As warmer sunny days start to replace winter dreariness, many of us get excited about going outside, eating fresh spring vegetables, and gathering around for a the first barbeque of the season, or juicy roast lamb for a special occasion like Easter. Lamb is so versatile; it pairs well with citrus, garlic, fresh herbs, a light salad, and a glass of red wine, but requires little more than seasoning to be melt-in-your mouth delicious. Plus, Paula has recipes with a variety of cuts and fun preparations—from grilled chops to meatballs—showcasing the great overall value of lamb for satisfying a large group of carnivores with little time, effort, or other ingredients.
Where is should it come from and what should I look for?
Lamb’s quality is very much market-driven, so you will notice different characteristics depending on its sources and consumers. American lamb mostly comes from western states such as Texas, California, and Colorado, though supermarket lamb is largely imported. As with many domesticated animals, lamb is usually finished on (corn-heavy) grains in a feedlot during its final month, resulting in more fat throughout its flesh (“marbling”), juiciness, and a slightly sweeter, milder flavor than exclusively grass-fed meat. Many experts will say that the animals prefer to eat this feed rather than grass (like a human might choose a coconut cream pie over steamed broccoli), and that grass results in a tougher texture when cooked. Lamb that is entirely grass-fed will be labeled as such, taste grassier, and is probably imported.
As a general rule, you should look for meat that is fine-textured and tender with reddish-pink meat, slight marbling, and a minimal outer layer of white fat.
But isn’t it fattening and expensive?
The short answer is yes—for American lamb. Because demand is much higher in countries like Australia or New Zealand, which tend to slaughter sheep younger, your supermarket may offer better prices for more tender imported lamb than for domestic products, but if you are comfortable with a little more fat and it’s available, try a more local source.
While lamb may cost more than beef here, and some cuts may be fattier, you can always trim off as much fat as possible and/or opt for leaner cuts such as shank, leg, and loin (rather than blade or ground, which is cheaper but fattier and more perishable). Lamb also has relatively low amounts of saturated fat and high amounts of protein, anti-oxidants, omega-3’s, and vitamins such as B-12.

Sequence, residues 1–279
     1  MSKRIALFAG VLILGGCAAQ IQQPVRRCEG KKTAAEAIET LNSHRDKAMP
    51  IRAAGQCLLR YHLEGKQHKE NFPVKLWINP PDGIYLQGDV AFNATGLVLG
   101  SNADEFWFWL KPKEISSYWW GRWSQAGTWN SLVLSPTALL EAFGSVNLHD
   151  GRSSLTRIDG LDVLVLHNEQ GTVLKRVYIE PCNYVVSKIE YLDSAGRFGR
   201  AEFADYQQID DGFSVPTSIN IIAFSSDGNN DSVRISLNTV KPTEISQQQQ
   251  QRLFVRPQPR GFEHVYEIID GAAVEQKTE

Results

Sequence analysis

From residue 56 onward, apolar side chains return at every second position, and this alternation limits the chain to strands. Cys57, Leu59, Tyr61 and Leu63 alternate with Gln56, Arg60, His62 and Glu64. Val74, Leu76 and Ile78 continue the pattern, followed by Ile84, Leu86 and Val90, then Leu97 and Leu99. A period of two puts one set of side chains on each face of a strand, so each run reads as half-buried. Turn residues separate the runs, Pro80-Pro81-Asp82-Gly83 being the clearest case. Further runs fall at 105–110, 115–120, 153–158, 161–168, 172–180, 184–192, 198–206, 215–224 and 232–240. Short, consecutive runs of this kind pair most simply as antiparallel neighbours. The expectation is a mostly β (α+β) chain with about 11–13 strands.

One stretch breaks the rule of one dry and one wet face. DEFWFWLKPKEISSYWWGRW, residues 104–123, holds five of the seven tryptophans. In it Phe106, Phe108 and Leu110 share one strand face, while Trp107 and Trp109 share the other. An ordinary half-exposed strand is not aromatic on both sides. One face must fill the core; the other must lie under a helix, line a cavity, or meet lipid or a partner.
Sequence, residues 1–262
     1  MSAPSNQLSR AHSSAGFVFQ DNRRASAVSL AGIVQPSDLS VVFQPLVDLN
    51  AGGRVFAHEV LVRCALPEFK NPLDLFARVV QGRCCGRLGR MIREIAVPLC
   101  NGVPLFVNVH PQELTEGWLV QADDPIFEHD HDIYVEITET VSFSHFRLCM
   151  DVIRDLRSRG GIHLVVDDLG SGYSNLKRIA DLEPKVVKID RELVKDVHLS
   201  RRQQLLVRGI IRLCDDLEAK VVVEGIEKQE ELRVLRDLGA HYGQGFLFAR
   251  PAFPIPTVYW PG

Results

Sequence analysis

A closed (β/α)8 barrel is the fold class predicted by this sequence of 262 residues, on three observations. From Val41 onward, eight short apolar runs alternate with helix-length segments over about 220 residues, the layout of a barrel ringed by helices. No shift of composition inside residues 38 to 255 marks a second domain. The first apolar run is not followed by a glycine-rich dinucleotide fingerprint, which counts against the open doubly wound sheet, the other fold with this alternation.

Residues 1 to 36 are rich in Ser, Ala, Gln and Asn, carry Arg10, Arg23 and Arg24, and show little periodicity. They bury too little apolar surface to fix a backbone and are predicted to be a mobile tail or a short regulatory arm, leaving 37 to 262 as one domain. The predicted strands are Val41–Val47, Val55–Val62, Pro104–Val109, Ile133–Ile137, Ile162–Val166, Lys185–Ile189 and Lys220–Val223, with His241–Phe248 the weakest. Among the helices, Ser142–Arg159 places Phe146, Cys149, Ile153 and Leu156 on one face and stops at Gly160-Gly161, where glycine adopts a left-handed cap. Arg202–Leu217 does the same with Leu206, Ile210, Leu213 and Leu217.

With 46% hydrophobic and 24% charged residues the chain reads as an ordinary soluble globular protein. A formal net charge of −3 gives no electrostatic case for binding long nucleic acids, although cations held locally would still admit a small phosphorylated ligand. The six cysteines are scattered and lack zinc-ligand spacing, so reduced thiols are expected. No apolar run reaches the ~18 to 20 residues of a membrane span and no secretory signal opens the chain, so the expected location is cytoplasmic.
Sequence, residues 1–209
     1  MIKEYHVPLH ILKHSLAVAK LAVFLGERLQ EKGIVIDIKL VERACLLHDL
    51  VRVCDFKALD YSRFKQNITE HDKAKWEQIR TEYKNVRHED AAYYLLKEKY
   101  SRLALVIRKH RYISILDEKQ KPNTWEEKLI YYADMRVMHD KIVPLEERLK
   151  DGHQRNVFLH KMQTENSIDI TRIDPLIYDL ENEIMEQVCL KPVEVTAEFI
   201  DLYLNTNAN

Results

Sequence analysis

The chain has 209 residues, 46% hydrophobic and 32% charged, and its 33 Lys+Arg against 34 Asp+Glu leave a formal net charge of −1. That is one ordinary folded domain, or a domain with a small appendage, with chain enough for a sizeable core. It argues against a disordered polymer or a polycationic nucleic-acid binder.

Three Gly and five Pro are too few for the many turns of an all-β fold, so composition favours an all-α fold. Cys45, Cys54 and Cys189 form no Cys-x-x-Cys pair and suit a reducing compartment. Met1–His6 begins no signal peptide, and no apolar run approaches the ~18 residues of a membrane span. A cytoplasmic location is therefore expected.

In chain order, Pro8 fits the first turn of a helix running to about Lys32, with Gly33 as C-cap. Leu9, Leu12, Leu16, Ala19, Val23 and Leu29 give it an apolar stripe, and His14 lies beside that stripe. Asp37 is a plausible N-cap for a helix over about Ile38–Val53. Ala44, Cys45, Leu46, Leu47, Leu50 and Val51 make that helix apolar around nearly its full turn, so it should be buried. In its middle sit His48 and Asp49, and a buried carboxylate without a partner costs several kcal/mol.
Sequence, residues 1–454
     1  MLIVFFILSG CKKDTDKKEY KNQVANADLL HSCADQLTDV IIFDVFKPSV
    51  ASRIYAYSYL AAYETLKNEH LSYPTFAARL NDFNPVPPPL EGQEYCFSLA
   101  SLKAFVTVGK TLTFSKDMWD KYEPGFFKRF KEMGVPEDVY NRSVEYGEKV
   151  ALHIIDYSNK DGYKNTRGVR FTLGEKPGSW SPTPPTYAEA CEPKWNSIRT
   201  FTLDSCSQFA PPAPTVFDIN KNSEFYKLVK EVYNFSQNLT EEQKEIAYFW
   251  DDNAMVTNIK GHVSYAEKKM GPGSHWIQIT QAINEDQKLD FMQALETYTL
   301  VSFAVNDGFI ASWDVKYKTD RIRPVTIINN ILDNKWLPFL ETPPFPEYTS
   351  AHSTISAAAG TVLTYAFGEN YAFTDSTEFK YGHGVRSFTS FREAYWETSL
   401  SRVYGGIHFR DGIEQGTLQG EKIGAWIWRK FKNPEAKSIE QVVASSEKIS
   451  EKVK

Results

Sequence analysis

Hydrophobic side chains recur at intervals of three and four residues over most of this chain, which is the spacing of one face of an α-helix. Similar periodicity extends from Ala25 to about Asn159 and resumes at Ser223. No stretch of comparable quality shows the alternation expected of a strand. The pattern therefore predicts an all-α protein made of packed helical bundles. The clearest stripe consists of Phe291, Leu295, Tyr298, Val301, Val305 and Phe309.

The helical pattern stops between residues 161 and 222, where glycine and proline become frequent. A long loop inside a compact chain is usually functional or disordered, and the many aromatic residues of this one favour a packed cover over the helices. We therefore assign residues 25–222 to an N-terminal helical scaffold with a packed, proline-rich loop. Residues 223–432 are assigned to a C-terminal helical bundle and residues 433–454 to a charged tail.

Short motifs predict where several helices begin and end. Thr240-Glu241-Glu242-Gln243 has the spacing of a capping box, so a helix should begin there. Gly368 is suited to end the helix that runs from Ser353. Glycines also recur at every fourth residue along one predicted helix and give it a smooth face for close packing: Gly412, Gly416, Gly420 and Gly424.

How do I cook it?
First, visit our Lamb Chart for a diagram of edible cuts linked to recipes from our test kitchen.
A quick glance at our list of super simple recipes using very few ingredients will give you many options depending on your priorities. Most offer various user-friendly cooking method perks like make-ahead marinades, leave it alone to roast while you do other things, have the butcher do the work (you don’t have to French your rack of lamb!), grill it up in minutes, or serve with a no-fuss salad.
What can I do with any meat that doesn’t get eaten (if there’s leftovers or I just don’t get to making it)?
The great news about lamb is that it freezes well, 6-9 months for most cuts of uncooked lamb if vacuum-packed or wrapped in plastic and then foil (3-4 months for ground meat which spoils faster). Make sure to thaw it the refrigerator or cold water for sanitary purposes, and allow for a 30-50 % increase in slow cooking methods such as for large roasts. For more information on freezing times, expirations, and cooking methods and temperatures, visit the USDA’s website indicated above.
Some final tips to keep in mind:
-Lamb will usually have a use-by date indicated on the package, and ground meat will spoil faster.
-Lamb loves marinades, even for a few days (the meat will be even more tender!), providing you leeway if your plans changes.
-Stews are usually better when made a day ahead so that the flavors intensify (you can even freeze them a week ahead without the usual warmed-over flavor from reheating).
* “Milk-fed” lamb, usually sold as spring or suckling lamb, only lives through its nursing stage of about a month, so it is extremely tender and considered a delicacy in many cultures. In the US, spring lamb is a USDA label meaning it was slaughtered between March and October, though purchasing spring or Easter lamb here is no longer seasonally restricted. As with most wine, cheese, and meat, aging results in richer meat, so many prefer the flavor of dry-aged lamb and other red meats. For instance, French lamb is typically aged at least 1 week after slaughter, though generally this aging period occurs incidentally in the US due to shipping and packaging time.